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Early Humans & Evolution


Millions of years ago, our ancestors survived in a very different environment than we have today. They encountered large, terrifying mammals and had to work each day to ensure food and shelter for their survival. The Paleolithic Age saw advances with stone tools while the Neolithic Age brought the discovery of farming and permanent settlements. By investigating the past, we can gain greater insight into our relationship to the earth and each other.

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Early Humans

Human beings evolved from a common ancestor over 4 million years ago in Africa. Australopithecines are hominins whose remains were found in Ethiopia. They are believed to be our earliest ancestors. In 1974, “Lucy” (Australopithecus afarensis) was discovered by Donald Johnson at the site of Hadar in Ethiopia. She was estimated to be 3.2 million years old! She was bipedal, meaning she walked on two legs, and was only about 3.5 feet tall. In appearance, she looks more gorilla than human. For twenty years, it was believed that Lucy was the oldest hominid until the discovery of Ardi in 1994 by Yohannes Haile-Selassie. Ardi (Ardipithecus ramidus) was also found in Ethiopia in the Afar desert at a site called Aramis, 46 miles from where Lucy was found. Lucy and Ardi both had small brains and may have lived by taking shelter from predators in trees.

In 1960, Mary Leakey discovered the bones of a hominid that appeared to be a toolmaker. Homo habilis, or “Handy Man”, is believed to have lived 2.3-1.6 million years ago and demonstrated the earliest use of rudimentary tools. They were a bit taller than Australopithecines and had bigger brains. The remains of homo habilis have been found in Africa, more specifically in Ethiopia, Tanzania, and other parts of Sub-Saharan Africa. This use of stone tools marks the beginning of the Old Stone Age or Paleolithic Era.

Homo ergaster erectus is considered the first hominid to stand completely upright, unlike homo habilis and australopithecines who were hunched similar to apes. They are believed to have lived 1.9 million years ago. Their nickname is "Upright Man", and they also made a transformative discovery with the use of fire. This allowed these hominids to migrate from Africa into the Middle East, Europe, and Asia.

Another important hominid in our evolutionary history was the Homo sapien neanderthalensis, more commonly known as Neanderthals. They lived 400,000-40,000 years ago. Neanderthals were skilled toolmakers, lived in groups, and relied on hunting and gathering for survival. They easily adapted to the cold and migrated throughout Africa, Asia, and Europe.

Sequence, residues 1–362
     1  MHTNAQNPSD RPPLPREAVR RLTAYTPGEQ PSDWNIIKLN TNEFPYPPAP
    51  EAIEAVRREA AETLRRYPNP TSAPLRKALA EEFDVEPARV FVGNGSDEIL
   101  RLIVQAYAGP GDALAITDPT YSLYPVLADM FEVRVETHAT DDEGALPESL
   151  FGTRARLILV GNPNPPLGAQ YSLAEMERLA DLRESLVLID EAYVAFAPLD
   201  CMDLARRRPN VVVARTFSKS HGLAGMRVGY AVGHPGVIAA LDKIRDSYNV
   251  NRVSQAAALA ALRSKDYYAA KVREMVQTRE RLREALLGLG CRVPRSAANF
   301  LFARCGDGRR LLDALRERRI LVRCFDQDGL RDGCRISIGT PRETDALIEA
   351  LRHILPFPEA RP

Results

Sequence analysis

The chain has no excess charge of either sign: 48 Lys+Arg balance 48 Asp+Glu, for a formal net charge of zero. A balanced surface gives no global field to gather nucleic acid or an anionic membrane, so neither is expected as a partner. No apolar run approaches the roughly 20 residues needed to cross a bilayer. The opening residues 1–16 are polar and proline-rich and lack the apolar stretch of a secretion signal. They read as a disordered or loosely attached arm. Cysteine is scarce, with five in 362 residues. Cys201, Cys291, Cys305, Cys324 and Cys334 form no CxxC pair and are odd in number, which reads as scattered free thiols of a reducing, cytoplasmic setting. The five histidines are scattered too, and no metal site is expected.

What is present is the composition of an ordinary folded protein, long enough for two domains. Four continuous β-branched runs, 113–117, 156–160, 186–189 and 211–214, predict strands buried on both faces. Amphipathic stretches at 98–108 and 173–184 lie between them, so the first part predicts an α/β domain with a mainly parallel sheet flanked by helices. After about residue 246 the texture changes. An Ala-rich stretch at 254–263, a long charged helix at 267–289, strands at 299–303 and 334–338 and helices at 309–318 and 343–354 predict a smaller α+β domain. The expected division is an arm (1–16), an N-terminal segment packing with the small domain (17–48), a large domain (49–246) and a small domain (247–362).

Early Modern Humans, or homo sapiens sapiens, are our direct ancestor and lived from 35,000 BCE-12,000 BCE. Early modern humans had larger brains and a sloped forehead compared to Neanderthals, who had a more prominent brow ridge. During the last Ice Age, early modern humans migrated across the land bridge "Beringia" from Asia to North and South America.

Paleolithic vs. Neolithic Eras

In the “old stone” or Paleolithic Age, early humans were nomadic and moved from place to place to hunt animals and gather food such as wild fruits, vegetables, and berries. Paleolithic people lived in the mouths of caves as well as huts and animal skin tents. Their tribal communities consisted of up to 50 people. Evidence of their daily lives include the elaborate animals and figures they painted on cave walls. Paleolithic people made tools like spears and hand axes from chipped stone and wood, and they typically wore clothing made from animal skins.

On the contrary, humans during the Neolithic Age (12,000-3,000 BCE) developed methods of farming crops and raising or herding livestock. They grew crops such as corn, wheat, and beans which created a more stable food supply. This allowed Neolithic people to create more permanent settlements. They built homes out of mud bricks and timber. Neolithic people also wore animal skins but they began the process of weaving as well and made food out of wool, flax, cotton, or linen. They also used stone tools which is why their period is called the “New Stone” age (Neolithic age). Their tools were more polished and made sharper using methods of grinding. The establishment of permanent settlements led to the development of larger communities and cities and new inventions followed. Neolithic women had more children than Paleolithic women. However, Neolithic people were shorter than Paleolithic people and had a lower life expectancy because diseases like typhoid emerged and spread through their communities.


In these activities, students will demonstrate their knowledge about the different groups of early humans and what it was like to live on Earth thousands, and even millions, of years ago! They will also investigate the scientists that shed light on early humans and evolution.


Essential Questions for Early Humans

  1. How do scientists, such as paleoanthropologists, interpret the past?
  2. What capabilities helped early humans survive?
  3. What are some of the different types of early humans? How were they the same? How were they different?
  4. How did the development of agriculture change life for people in the Neolithic Age?

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